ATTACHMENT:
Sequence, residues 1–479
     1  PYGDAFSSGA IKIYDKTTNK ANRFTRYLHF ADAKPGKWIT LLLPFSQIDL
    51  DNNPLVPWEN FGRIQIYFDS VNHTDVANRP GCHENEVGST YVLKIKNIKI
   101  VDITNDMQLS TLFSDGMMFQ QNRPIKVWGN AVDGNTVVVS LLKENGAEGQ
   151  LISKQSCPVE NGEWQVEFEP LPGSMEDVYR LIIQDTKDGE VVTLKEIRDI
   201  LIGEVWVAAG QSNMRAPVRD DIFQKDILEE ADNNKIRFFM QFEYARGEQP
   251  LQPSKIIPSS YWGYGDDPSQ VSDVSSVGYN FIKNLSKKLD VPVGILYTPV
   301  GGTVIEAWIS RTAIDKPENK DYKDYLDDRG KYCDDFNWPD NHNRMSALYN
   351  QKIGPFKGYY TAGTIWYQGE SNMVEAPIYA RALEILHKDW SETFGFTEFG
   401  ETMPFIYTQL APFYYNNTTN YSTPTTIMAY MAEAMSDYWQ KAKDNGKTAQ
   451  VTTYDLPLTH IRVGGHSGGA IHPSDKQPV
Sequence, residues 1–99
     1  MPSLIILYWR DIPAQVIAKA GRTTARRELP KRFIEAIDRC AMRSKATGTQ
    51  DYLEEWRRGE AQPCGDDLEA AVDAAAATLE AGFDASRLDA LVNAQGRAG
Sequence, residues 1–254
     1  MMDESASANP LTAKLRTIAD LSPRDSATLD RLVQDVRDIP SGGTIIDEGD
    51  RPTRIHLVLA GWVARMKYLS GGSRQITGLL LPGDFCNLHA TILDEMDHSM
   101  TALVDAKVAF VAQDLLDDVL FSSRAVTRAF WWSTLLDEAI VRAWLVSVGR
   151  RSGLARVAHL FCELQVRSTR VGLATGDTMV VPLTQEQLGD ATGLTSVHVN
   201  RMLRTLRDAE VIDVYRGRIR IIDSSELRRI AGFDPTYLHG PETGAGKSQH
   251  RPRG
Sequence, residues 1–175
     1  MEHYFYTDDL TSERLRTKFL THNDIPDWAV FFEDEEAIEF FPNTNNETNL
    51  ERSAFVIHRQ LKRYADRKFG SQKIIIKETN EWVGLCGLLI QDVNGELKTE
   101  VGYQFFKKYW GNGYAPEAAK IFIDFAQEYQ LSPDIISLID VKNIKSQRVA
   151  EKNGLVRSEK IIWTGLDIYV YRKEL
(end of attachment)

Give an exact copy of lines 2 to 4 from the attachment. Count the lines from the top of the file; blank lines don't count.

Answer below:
     1  PYGDAFSSGA IKIYDKTTNK ANRFTRYLHF ADAKPGKWIT LLLPFSQIDL
    51  DNNPLVPWEN FGRIQIYFDS VNHTDVANRP GCHENEVGST YVLKIKNIKI
   101  VDITNDMQLS TLFSDGMMFQ QNRPIKVWGN AVDGNTVVVS LLKENGAEGQ